In my first job, the team was working on a server install. In the week, my boss taught me some of what he called the “Seven Rules of IT”. Only three of these were revealed to me, but I’ve figured out a few more since.
Know your fundamentals
If you know your fundamentals like the OSI model, TCP/IP, computer architechture, even if you’re unfamiliar with a situation, you can figure out what’s the issue.
No two days are alike in IT. No two sites are alike. That goes double if you are contracted in and didn’t set it up. Troubleshooting is the only skill that’s truly transferrable.
Never stop learning
Be prepared to relearn your skills every five years. Never be complacent with what you know. If you’re good, you can quickly absorb new documentation and have an instinct where to start.
Similarly, new staff are a loss-maker for 6 months. It takes 6 months to bring someone up to speed in a new job. They take too long to close tickets. If they ask questions, they can bring that down to 3 months. Always be asking questions and learning.
We’re in the insurance business
IT support gets sold because businesses need assurance that their computers will work. They need IT to deliver results, and so stay afloat. You have to make them feel trusted and secure. That requires a human touch, and personality is more important here than technical skill. Anything else can be taught, but if you fail on this count, you will always struggle.
Take your time
Even if a client is in your face screaming to get it fixed, have the resolve to take your time. If you fuck it up, you’ll spend twice as long trying to fix it. Don’t rush, research, ask ahead, and GET IT IN WRITING.
A little knowledge is a dangerous thing
While it’s temping to give clients more control of their IT system to take some pressure off you, you have to be very selective in permissions and security. Aclient trying to fix the issue can make it worse.
Unrevealed – input Jackman?
The final rule is Drinking and IT go hand in hand.
IT support is a depressing job. You don’t have much control over your work or hours, and you are viewed with suspicion and contempt much of the time. Most people are familiar with computers and think to themselves: “I could do his job in my sleep”. People think computers are simple – my child uses a computer everyday and they have no issues. Or the infamous words of Apple environments – it’s a Mac, they don’t get problems.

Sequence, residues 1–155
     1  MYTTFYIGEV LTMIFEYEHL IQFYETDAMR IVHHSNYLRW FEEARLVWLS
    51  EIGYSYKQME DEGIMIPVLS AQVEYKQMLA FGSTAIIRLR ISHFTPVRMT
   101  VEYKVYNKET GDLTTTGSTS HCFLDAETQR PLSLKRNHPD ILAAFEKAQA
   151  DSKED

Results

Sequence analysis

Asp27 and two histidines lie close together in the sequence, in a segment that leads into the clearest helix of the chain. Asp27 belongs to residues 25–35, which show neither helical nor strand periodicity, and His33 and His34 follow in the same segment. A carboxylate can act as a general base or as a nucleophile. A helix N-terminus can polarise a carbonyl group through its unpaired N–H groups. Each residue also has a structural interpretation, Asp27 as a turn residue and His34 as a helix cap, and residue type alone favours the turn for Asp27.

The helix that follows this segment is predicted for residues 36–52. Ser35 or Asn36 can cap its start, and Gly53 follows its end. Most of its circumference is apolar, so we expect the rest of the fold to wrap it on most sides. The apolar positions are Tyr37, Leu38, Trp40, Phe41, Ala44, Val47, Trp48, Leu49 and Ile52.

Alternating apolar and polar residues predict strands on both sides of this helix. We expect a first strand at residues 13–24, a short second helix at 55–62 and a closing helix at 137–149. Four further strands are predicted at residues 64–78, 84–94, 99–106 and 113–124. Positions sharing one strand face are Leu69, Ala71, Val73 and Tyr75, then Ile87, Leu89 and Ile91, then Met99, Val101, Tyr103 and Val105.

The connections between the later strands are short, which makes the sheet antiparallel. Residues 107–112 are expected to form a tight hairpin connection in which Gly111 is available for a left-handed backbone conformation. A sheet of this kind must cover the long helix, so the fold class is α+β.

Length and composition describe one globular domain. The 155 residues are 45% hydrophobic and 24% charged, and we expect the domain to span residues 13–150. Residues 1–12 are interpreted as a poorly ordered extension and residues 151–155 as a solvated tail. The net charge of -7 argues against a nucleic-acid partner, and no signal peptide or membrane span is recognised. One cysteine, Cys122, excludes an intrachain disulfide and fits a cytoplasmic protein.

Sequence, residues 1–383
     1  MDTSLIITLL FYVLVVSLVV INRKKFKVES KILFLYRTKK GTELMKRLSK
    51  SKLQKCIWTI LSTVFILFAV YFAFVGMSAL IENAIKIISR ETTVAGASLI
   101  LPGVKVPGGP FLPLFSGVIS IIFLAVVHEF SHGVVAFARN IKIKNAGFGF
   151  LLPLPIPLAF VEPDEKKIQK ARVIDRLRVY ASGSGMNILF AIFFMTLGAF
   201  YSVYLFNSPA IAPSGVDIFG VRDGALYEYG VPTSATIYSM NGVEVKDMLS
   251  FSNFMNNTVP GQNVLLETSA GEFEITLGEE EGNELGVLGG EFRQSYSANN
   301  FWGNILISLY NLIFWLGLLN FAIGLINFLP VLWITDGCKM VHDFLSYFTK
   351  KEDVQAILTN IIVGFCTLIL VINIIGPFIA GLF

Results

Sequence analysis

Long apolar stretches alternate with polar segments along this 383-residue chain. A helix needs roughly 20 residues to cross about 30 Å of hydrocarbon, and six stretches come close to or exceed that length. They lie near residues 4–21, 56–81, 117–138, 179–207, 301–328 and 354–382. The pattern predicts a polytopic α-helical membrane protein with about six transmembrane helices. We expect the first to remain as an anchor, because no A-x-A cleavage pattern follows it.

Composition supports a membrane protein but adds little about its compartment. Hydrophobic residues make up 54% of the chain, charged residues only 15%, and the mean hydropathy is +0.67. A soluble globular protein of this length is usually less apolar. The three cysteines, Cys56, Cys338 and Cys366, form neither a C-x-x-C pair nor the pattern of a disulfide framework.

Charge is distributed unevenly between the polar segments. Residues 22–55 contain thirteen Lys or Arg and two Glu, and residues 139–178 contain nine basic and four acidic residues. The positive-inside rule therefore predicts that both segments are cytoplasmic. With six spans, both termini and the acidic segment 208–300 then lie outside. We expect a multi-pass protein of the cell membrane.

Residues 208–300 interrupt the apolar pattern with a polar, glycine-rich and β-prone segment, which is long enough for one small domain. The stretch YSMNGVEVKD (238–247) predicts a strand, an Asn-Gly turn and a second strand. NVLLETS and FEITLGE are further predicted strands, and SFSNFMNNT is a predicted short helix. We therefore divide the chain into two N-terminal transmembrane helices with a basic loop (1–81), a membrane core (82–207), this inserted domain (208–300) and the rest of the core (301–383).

Computers themselves are dizzyingly complex, but once you understand the fundamentals, it’s easy to get a rough idea of where a fault might be. But there are complications. Otherwise this job would be easy.
The issue is the ecosystem of the computer and user. It’s not just one thing you are maintaining, but ten things.Workstations, servers, network infrastructure and the political/financial environment of the organization. And those ten things interact, so suddenly you have a hundred issues.
If you are doing a good job, people will generally not notice, unless you are doing very specific projects for people. If things are going wrong, expect to know immediately. Eventually something will go wrong in the hundred things you maintain, and you’ll be thrown under the bus. A client will kick a router like a football in frustration after a bad meeting, and bring the network down. Then it’s your problem. Someone will fuck up their install with malware while streaming porn in work, and then it’s your problem. An ISP will dig up cables, bringing the whole street down. And then it’s your problem.
Because of these two factors: the seeming ease of your job and the way blame falls to IT for every IT issue, no one trusts you. So a manageable workload gets buried under administrative tasks to ensure you are doing your job. Because no one trusts you. Because your work should be easy. Because you’re the IT guy.
These are the rules of IT.